Truth be told, I’ve had quite the trials with my refried beans. There have been many a time where I’ve added way too much salt and they were basically inedible. Or I didn’t let them cook long enough, and they really weren’t as tender as they needed to be. But lo and behold, here’s a recipe that works.

These “refried” beans taste pretty authentic. I use quotes because they are not traditional (no lard involved) however, if you can get that authentic taste at home, I consider it a win. I’ll say it before and I’ll say it again, getting authentic international flavor at home is hard to accomplish. I think that’s why so many people go out to eat, because you can’t get that same flavor at home. But here you go. Make this and you’ll feel like you’re at a Mexican restaurant. That’s in your very own kitchen.

Refried Beans

  • 2-2 1/2 cups dried pinto beans
  • 1 smoked ham hock
  • 1/2 white or yellow onion, chopped
  • 3 garlic cloves, minced
  • 1 tsp. salt
  • 1 tsp. ground cumin
  • 1/4 tsp. ground pepper
  • 1 tomato, chopped
  • 1 tbsp. bacon grease

Rinse the beans. Add to a large pot (I use my Dutch oven) and fill with water to just about 1″ above the beans. Let soak. If you don’t have the time or you just simply don’t remember this, that’s okay. I think the longest I’ve ever let my beans soak is about 4 hours.

Add the ham hock to the pot. Heat the pot on high until it comes to a boil. Cover with a lid, and reduce to a simmer for 3 hours if beans were soaked, about 4 hours if beans were not soaked. Make sure to check on these a couple times throughout the cooking time to make sure the water hasn’t evaporated. If you feel the water level is too low, you can add a little more water to the pot.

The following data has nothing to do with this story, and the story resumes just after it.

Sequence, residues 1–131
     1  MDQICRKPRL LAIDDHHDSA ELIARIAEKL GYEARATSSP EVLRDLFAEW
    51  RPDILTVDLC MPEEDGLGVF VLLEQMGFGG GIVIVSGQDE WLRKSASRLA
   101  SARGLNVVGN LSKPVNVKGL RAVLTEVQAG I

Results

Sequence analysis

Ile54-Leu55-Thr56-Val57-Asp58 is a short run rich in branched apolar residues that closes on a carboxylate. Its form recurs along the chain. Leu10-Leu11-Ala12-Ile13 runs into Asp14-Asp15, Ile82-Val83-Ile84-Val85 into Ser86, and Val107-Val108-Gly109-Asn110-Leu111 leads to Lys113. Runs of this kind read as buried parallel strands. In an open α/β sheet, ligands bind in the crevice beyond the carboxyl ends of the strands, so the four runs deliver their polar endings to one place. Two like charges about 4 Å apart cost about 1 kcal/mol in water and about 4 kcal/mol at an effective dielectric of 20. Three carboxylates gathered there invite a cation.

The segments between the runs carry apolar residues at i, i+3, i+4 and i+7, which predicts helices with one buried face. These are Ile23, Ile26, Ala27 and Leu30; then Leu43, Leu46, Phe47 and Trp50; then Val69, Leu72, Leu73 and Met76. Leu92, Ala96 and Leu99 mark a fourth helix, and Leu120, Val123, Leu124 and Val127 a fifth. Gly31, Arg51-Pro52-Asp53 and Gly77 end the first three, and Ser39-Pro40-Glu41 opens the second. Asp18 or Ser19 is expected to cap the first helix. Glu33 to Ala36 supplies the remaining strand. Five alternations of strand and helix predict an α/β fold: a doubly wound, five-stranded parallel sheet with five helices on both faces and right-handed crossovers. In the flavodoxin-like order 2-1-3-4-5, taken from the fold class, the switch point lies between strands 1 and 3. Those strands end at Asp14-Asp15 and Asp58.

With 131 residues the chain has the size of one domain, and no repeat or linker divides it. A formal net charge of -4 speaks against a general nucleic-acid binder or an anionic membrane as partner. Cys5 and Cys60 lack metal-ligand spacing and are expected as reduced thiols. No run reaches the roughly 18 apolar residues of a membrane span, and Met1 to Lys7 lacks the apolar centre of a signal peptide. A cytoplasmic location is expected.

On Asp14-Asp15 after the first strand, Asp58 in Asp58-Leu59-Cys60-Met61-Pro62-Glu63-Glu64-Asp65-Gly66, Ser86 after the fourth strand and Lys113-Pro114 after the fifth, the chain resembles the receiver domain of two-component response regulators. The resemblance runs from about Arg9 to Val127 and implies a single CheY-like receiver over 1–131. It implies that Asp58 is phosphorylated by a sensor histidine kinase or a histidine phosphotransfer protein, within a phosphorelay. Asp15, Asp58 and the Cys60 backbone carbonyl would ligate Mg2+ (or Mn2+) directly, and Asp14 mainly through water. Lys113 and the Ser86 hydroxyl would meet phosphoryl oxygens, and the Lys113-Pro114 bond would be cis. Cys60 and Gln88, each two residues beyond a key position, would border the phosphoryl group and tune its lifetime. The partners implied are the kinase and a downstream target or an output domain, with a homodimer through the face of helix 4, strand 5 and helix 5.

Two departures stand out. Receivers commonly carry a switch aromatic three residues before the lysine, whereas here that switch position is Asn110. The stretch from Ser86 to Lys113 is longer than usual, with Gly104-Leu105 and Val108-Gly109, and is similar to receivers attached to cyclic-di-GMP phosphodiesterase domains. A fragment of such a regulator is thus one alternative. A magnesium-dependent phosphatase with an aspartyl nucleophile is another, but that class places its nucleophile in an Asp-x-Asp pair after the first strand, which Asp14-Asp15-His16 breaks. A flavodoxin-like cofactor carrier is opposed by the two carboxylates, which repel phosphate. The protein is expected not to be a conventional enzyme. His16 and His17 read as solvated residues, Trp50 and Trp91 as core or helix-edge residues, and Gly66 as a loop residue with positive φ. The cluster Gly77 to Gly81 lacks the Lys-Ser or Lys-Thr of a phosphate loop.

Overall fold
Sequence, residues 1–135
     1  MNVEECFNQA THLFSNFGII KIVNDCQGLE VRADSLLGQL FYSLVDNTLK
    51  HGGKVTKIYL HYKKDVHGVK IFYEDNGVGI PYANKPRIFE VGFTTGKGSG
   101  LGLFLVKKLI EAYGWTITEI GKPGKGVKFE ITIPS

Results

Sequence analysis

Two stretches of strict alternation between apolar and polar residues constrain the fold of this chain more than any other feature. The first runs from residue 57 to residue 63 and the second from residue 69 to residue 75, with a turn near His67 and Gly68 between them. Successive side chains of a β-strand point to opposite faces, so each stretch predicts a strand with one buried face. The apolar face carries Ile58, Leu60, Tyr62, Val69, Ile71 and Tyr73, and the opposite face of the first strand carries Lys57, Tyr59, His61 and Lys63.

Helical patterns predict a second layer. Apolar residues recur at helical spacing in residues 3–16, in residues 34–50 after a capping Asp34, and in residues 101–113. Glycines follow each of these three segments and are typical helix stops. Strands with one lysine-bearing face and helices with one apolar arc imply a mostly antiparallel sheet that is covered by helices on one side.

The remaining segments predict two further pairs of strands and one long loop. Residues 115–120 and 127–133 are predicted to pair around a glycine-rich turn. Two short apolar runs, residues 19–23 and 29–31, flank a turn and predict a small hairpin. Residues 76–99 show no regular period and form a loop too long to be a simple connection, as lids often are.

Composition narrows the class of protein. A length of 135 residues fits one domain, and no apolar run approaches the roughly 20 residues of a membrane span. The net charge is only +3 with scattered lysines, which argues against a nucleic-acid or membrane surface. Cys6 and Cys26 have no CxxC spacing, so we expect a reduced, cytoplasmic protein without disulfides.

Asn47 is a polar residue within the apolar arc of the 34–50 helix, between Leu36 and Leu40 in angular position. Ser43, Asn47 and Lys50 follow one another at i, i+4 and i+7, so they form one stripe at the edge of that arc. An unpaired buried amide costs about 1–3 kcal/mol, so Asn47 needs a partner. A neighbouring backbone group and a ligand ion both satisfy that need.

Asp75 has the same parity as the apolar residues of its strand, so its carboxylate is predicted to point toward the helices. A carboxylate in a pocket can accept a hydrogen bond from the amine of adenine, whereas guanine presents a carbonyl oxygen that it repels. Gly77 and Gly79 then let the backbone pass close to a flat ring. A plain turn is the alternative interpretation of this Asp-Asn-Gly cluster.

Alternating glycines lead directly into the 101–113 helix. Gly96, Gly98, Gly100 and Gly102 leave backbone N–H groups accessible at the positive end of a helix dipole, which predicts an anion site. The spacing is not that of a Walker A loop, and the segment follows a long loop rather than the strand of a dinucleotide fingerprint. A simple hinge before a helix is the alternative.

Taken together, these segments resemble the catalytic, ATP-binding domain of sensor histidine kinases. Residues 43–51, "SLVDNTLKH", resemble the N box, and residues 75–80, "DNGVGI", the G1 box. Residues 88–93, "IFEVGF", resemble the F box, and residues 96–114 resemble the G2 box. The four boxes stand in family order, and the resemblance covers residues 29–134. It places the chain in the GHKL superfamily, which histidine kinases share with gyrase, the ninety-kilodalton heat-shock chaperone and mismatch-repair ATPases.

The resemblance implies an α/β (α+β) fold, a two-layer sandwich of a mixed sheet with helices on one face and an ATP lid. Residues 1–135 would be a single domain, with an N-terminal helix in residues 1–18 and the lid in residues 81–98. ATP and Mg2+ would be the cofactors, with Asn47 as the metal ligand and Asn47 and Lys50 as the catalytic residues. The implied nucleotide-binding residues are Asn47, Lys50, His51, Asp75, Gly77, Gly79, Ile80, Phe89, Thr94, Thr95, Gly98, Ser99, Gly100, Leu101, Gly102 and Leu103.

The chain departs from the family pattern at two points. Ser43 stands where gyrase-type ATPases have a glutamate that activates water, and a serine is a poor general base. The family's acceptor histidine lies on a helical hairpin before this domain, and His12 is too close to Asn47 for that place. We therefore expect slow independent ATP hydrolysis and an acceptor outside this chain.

Remove lid and stir in the rest of the ingredients, except the bacon grease. Cover with a lid and let simmer for an additional hour.

After the hour is up, mash lightly (I use a potato masher) until your desired consistency and stir in the bacon grease until it melts. You can leave the ham hock in and mash around it or remove and discard. My dad loves them so when he’s over, the ham hock is his. But I just use it to flavor the beans. Also, if you feel the beans are too runny, you can let them simmer a little bit longer with the lid off until they thicken further.

This recipe makes a large amount. Enough so that I can usually freeze the other half which in my opinion, is so worth it so we can have beans at the ready for the next time we want Mexican. refried beans 6refried beans 5refried beans 4refried beans 3refried beans 2

Addicted to Mexican Food? Carnitas will satisfy the craving!

carnitas 2I have an addiction to Mexican food. I want to eat it all the time. I could eat it all the time. But the problem with making homemade Mexican food (at least for me) is that it doesn’t always taste super authentic. Well, I found this recipe on Pinterest and it has solved my problem. This recipe is perfect so I don’t ever change a thing.

To get the directions for these delicious carnitas, and check out other amazing recipes, please head over to My Kitchen Escapades.

I think this dish will ABSOLUTELY satisfy that craving. Give it a try!